To alleviate this matrix effect caused by secondary
ions, an alternative ion extraction scheme, like that
commonly used in time-of-flight mass spectrometry,
would be beneficial. If sputtering is performed in a fieldfree region, then the neutrals and ions move roughly
with the same velocities. A pulsed extraction field coincident with the laser pulse would accept all ions from
the ionizing volume, regardless of their origin, thus
summing the secondary ions with the postionized neutrals. In this scenario, secondary ions as well as neutrals
are subjected to the intense laser field, increasing the
possible contribution from multiply charged ions to the
mass spectrum. Time-of-fight detector with adequate
mass resolution to separate isobars would be ideal for
this type of measurement. An intense peak anticipated
from the sputtered matrix constituents would have to be
handled by rapid mass blanking or detector gain adjustment.
CONCLUSIONS
Postionization techniques have determined how boron
sputtered from SiO, and Si fractionates into atoms, ions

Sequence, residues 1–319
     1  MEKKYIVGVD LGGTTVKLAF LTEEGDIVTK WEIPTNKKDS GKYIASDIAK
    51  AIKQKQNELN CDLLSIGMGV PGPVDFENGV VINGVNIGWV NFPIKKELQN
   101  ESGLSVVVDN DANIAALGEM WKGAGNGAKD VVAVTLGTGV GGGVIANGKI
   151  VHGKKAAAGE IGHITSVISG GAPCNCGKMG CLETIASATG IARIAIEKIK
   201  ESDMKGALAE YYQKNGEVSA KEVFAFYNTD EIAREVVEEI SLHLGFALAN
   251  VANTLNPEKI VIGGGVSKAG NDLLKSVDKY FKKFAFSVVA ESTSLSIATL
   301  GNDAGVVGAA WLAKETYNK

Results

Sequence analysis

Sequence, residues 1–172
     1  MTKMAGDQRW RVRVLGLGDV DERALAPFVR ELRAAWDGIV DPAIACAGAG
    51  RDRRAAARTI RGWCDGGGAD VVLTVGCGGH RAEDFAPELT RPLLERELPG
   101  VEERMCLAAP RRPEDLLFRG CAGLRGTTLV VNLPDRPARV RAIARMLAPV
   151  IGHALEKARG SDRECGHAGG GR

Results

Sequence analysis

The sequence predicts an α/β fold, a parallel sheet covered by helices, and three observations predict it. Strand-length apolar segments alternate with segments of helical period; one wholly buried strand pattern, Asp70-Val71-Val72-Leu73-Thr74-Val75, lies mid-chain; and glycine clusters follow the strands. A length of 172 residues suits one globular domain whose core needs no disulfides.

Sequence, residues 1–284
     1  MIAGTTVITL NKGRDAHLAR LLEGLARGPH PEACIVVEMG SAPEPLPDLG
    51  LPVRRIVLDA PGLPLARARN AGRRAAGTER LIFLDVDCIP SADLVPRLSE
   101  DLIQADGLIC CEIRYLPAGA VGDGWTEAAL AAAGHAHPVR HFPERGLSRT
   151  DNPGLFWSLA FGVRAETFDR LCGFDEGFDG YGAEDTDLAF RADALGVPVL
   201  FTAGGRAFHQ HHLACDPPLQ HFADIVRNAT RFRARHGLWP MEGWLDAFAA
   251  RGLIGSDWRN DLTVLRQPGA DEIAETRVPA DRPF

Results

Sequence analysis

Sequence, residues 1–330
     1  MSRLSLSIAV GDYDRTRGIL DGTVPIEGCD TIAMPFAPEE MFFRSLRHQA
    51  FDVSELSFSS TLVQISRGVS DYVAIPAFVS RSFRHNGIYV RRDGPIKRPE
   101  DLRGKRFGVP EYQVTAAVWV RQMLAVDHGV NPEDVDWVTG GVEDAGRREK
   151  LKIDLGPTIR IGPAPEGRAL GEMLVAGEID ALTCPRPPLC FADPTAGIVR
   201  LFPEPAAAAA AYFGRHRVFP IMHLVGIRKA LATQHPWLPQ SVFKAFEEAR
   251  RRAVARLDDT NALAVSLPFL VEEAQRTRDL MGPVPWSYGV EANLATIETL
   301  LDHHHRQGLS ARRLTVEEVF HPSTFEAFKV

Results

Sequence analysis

and molecules. Using Xe', Ar' and 0,' sputtering, a
significant amount of boron was sputtered from SiO,
and Si as BO and BSi molecules. The shape of the
boron profiles is affected by secondary ion emission,
which in the present experimental geometry subtracts
from the sputtered neutrals available for postionization.
REFERENCES
1. C. H. Becker and J. S. Hovis, J . Vac. Sci. Technol.A 12, 2352
(1994).
2. M. L. Wise, A. B. Emerson and S. W. Downey, Anal. Chem. 67,
4033 (1995).
3. L. C. Feldman and J. W. Mayer, Fundamentals of Surface and
Thin Film Analysis. North-Holland, New York (1 986).
4. A. 6. Emerson, Y. Ma, M. L. Wise, M . L. Green and S. W.
Downey, J. Vac. Sci. Technol. J. Vac. Sci. Technol., B14, 301
(1996).
5. R. G. Wilson, F. A. Stevie and C. W. Magee, Secondary Ion
Mass Spectrometry: a practical Handbook for Depth Profiling
and Bulk IrnpurityAnalysis.Wiley, New York (1989).
6. A. Benninghoven, Surf. Sci. 53,596 (1975).
7. A. Benninghoven, F. G. Riidenauer and H. W. Werner, Secondary Ion Mass Spectrometry: Basic Concepts, Instrumental
Aspects, Applications and Trends. Wiley, New York (1 987).
8. P. Williams, I. S. T. Tsong and S. Tsuji, Nucl. Instrum. Methods
170,591 (1980).
9. W. Husinsky, J. Vac. Sci. Technol. B 3,1546 (1985).